Other times the theme may come from my generous muse, no explanation. That happened strikingly last year. I’d always written stories exclusively about women, but I wrote my first story from a man’s viewpoint. It’s about his first day in college and discovering that his assigned roommate is a dwarf. He’s horrified, but slowly realizes what a brilliant and loyal friend he has found. Where did this come from? I have no idea where the story came from, but I humbly accept my muse’s gifts.
Morgen: Most authors I’ve spoken to don’t plot either, and I’m sure most of those who do find it goes off at a tangent (the characters often take over). Do you have a method for creating your characters, their names and what do you think makes them believable?
Anne: I don’t have a conscious method, it’s intuitive. Sometimes a name just seems to fit the character; other times it means something to me personally. I think that the more I make the character a mixture of good and evil, the more believable she/he is. After all, none of us is one-dimensional.
Morgen: Absolutely. All good is dull. What point of view do you find most to your liking: first person or third person? Have you ever tried second person?
Anne: The story tells me which point of view to use, varying between first and third. I did use second once, in a novel. It’s mostly in third person, but the woman talks to herself at different times in the second person. It’s done to make a specific point. When I get stuck in writing a story, I find that trying out a different point of view gives me fresh insight. Sometimes I keep that change, other times go back to the original point of view with fresh insight.
Morgen: “woman talks to herself at different times in the second person” – I love that. Are you involved in anything else writing-related other than actual writing or marketing of your writing?
Anne: I’ve led a writers’ workshop for the past 25 years. These days, I teach memoir writing to different groups. I love doing this and I also learn from the exciting responses of the students.
Morgen: It’s great they’re excited. I’ve been running a writing group for the last five years (I’ve just handed it over to a colleague) and it’s great that they’re there because they want to be. What do you do when you’re not writing?
Anne: I try to find time to catch up on an intimidating pile of unread books. Also, I’m addicted to The New York Times crossword puzzles.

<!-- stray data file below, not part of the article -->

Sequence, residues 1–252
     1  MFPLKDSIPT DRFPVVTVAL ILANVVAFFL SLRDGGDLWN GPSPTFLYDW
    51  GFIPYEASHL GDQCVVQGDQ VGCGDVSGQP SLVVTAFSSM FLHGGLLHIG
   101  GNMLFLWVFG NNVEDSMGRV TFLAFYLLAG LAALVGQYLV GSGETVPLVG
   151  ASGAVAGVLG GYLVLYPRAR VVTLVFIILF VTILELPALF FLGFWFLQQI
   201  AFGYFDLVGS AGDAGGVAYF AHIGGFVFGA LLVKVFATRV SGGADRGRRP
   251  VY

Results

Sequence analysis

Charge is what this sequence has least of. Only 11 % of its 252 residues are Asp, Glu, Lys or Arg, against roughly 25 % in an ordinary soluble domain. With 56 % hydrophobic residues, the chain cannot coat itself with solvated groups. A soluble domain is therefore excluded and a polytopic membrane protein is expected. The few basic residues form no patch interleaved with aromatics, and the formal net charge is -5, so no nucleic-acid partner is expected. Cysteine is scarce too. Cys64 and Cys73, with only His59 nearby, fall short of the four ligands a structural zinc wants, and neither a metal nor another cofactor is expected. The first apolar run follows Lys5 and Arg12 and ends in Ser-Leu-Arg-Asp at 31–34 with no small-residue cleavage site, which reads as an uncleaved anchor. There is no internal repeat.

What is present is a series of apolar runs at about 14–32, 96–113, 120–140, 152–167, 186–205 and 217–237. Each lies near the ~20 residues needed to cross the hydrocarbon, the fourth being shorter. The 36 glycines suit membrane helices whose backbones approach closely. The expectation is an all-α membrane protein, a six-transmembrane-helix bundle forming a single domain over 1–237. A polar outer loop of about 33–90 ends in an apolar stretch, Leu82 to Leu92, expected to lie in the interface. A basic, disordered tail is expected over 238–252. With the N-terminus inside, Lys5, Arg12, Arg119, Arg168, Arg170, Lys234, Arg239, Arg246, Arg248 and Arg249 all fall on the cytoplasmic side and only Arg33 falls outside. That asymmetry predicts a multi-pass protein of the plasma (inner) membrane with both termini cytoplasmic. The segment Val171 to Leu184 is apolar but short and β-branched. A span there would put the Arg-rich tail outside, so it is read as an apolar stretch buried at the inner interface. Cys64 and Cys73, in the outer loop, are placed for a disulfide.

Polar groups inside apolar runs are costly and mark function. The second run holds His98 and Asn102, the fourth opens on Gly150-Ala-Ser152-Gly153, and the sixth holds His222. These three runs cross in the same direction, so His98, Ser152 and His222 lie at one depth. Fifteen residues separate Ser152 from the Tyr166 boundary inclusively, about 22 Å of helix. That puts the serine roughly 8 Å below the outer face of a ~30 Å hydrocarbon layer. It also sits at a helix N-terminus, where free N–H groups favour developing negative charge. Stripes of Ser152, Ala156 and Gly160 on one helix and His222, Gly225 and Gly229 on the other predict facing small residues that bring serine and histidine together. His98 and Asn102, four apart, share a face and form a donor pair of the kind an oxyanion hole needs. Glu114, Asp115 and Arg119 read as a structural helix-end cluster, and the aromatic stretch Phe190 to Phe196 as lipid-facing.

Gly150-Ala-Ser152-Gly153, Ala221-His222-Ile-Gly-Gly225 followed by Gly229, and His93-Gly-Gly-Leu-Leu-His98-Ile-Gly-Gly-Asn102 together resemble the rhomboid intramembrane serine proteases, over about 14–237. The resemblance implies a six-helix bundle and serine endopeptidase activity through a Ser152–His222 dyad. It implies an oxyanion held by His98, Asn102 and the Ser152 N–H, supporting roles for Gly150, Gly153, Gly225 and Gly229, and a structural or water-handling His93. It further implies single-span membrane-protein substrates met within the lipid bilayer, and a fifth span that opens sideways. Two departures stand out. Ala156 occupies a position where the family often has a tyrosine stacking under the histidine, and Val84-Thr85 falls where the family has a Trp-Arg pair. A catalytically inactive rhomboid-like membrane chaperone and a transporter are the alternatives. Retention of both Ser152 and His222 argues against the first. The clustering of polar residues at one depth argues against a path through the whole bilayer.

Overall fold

Morgen: My whole house is an intimidating pile of unread books, albeit neatly stored away on shelves. Are there any writing-related websites and / or books that you find useful?
Anne: No web sites I can think of, but a variety of books. The first one I read – when I was first starting out – was Dorothea Brande’s On Becoming A Writer. She stressed the importance of not talking to anyone or reading anything before you start the day’s writing, so you can begin with a clear head. I try to follow that as much as possible.
Morgen: Thank you, Anne. I just added Dorothea’s book to https://morgenbailey.wordpress.com/books-other-peoples/writing-related. Are you on any forums or networking sites? If so, how valuable do you find them?
Anne: I’m on Facebook, but I’m not interested in posting personal revelations or photos. However, I do post notices of a new blogs or publishing acceptances. I do the same with LinkedIn, which I find more helpful because it’s geared to professionals and has useful tips and networking.
Morgen: I’m the same; I only post writing-related and useful / interesting items… 99.99% of the time anyway. Each of the online writing groups has its own Facebook group (the links are on https://morgenbailey.wordpress.com/online-writing-groups) and it’s great to have people coming together chatting about writing… and from the comfort of their homes. :) What do you think the future holds for a writer?